The Mesmerizing Duality of Mugshots vs. Facebook Profile Pics

by Jillian Steinhauer on May 29, 2013


(all screen shots via

We live in a world shaped by the proliferation not just of social media, but also of surveillance. Sometimes it seems as if we’re constantly presenting and re-presenting ourselves, selfies upon selfies, in an effort to counteract the official narratives imposed by others. It’s telling that the nonstop images flooding our eyes everyday generally fall into two categories: sponsored, advertised, sanctioned by some larger corporate or government (or both, since the two are ever more inseparable) body; and self-made/amateur.

This tension is at the heart of a tumblelog that’s fascinated me ever since I saw it mentioned on the Slog a few weeks ago: In Duplo. Named after a legal term that means “in double,” the site contrasts people’s mugshots with their Facebook profile pictures, placing images taken by law enforcement side-by-side with images taken by selves and friends.


One of the first things I noticed, probably inevitably, is how comically bad most people look in their mugshots, versus how good they look on Facebook. I realize this is sort of obvious, since everyone wants to look his or her best — whether physically or in terms of seeming lovable and fun — in a profile picture. But the contrast is so glaring, the two photo categories come to seem like precise opposites: acne in one, clear skin in the other; wavy hair in one, flat-ironed in the other; tears in one, sexy face in the other. Occasionally a mugshot comes along in which the person looks reasonably good and collected. I admire these people’s unwavering ability to present themselves well, as if they’re so accustomed to being in front of the camera, it’s become their natural state.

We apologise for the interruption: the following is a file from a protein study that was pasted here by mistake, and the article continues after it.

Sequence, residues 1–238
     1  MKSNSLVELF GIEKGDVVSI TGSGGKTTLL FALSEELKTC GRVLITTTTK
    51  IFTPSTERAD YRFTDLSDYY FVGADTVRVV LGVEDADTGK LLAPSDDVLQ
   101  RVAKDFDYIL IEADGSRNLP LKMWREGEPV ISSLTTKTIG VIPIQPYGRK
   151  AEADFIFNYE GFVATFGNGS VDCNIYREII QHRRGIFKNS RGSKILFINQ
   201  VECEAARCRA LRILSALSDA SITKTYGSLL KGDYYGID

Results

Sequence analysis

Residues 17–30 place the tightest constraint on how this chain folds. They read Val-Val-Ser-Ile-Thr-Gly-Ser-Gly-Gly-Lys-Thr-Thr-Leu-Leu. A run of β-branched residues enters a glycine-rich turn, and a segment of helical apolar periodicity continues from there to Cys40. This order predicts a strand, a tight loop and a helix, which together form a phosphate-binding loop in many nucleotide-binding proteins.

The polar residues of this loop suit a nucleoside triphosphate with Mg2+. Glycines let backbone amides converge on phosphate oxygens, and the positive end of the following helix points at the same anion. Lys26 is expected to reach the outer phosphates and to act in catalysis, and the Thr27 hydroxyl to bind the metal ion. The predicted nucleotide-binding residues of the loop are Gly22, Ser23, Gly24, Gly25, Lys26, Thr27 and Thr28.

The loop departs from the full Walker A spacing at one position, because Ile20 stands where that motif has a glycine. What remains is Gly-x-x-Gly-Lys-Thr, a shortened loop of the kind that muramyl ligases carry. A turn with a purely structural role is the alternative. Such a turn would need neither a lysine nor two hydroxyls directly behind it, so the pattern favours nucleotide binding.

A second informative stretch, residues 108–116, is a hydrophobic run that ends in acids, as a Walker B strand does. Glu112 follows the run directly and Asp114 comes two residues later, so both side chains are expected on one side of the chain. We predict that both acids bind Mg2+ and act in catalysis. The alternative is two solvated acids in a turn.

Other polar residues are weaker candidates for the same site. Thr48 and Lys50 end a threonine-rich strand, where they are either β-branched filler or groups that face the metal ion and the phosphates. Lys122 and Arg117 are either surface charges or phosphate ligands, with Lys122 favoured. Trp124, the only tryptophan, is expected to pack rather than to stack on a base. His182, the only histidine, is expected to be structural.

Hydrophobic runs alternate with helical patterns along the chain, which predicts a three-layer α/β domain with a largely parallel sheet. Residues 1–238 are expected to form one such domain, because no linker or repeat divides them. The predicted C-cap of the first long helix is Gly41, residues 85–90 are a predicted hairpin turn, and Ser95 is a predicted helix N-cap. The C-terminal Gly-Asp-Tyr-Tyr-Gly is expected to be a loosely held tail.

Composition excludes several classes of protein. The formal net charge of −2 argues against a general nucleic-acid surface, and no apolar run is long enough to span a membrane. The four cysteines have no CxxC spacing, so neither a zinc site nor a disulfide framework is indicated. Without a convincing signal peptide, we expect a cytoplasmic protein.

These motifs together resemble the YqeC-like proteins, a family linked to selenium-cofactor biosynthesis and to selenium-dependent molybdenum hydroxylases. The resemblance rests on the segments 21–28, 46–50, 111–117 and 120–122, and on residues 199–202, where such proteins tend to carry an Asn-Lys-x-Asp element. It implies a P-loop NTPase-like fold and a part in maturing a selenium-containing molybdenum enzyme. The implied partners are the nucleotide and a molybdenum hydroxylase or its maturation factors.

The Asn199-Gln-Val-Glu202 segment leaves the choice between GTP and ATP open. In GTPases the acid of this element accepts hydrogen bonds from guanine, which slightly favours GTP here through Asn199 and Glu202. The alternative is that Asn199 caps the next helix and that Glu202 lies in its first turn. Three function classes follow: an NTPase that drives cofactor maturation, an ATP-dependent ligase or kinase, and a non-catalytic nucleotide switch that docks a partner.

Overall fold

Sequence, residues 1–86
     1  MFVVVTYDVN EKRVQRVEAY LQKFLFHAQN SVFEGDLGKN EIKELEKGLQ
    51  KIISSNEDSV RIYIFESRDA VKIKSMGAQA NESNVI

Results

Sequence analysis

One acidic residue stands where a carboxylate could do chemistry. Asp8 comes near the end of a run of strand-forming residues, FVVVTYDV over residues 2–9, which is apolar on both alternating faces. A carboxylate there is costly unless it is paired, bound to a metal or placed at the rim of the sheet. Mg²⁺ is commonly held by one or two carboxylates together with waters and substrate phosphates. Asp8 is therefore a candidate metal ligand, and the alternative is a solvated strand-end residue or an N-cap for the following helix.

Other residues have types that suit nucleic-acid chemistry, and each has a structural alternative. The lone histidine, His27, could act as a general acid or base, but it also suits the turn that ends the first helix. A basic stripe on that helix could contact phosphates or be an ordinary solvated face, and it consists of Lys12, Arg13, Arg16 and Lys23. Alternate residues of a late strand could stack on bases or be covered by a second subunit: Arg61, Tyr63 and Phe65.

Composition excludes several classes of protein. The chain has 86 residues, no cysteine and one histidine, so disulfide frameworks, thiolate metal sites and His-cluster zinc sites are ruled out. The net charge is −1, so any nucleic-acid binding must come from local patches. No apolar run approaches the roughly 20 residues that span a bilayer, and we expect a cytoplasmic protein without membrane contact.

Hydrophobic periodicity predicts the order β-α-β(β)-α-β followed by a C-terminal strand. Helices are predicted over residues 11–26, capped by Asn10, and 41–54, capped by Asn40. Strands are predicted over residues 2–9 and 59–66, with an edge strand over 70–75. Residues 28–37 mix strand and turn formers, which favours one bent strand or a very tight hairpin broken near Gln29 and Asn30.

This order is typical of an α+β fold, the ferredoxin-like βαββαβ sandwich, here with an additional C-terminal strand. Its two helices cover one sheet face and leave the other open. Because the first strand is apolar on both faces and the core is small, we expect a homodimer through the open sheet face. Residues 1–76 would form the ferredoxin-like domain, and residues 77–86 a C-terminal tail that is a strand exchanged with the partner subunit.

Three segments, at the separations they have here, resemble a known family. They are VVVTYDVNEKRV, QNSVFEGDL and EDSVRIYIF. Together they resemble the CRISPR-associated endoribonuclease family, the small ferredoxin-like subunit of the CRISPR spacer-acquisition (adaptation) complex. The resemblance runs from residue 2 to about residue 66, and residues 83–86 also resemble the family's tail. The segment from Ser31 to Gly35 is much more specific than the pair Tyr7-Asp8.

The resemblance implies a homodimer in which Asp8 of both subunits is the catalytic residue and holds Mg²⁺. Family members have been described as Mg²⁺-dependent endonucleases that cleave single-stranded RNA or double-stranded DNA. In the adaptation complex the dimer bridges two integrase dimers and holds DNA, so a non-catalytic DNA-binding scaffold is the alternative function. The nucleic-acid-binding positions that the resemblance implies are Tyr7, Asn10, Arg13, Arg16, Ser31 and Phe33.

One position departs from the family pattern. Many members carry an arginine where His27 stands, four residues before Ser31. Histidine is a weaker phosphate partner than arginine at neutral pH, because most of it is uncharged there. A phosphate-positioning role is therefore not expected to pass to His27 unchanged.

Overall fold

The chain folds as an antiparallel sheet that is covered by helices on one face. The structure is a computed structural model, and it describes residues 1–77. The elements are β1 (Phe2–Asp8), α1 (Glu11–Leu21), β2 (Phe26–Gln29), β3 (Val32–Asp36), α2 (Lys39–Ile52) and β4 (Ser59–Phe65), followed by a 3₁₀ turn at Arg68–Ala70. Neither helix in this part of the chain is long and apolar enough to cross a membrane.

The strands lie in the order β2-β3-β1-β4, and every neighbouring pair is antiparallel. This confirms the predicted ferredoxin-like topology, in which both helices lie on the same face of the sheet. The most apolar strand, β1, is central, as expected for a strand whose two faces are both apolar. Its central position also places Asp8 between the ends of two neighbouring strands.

The strangest, most affecting pairings come when a person’s Facebook profile picture includes children. A joyous photo of a man hugging his daughter sits alongside his fairly frightening mugshot portrait, with messy hair, pursed lips, neck veins popping, and a petulant stare. The pathos of this contrast is almost overwhelming, as are the questions that arise from it. Is the child his daughter? What was his crime? Was he thinking of her when he committed it? Will he go to jail and disappear from her life?

In Duplo is also weirdly refreshing, in that its racial make-up is diverse. Compared to the horrible racial imbalance in our prison population — roughly 60% of US prisoners are African American or Hispanic — it’s nice to see people of all colors (and genders) on there. It’s sort of a nice reminder that everybody fucks up and does stupid stuff; some people are just unlucky enough to get caught.


On the question of privacy: the creator of the tumblelog makes a point of omitting names and crimes from the individual posts, “to protect the people in these photos from being indexed in search engines.” And it’s perfectly legal, since mugshots are in the public domain. But the links below the image pairs lead you back to their sources, where the person’s name is printed right at the top of the page. Normally I’m all for sourcing Tumblr images, but in this case, I’m not sure. There has been growing aggravation over private mugshot websites and the fees they’re charging people to have images taken down, and clicking through from In Duplo feels like crossing some sort of line — transitioning from a little harmless voyeurism to the more pernicious kind.

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  • Jx Marie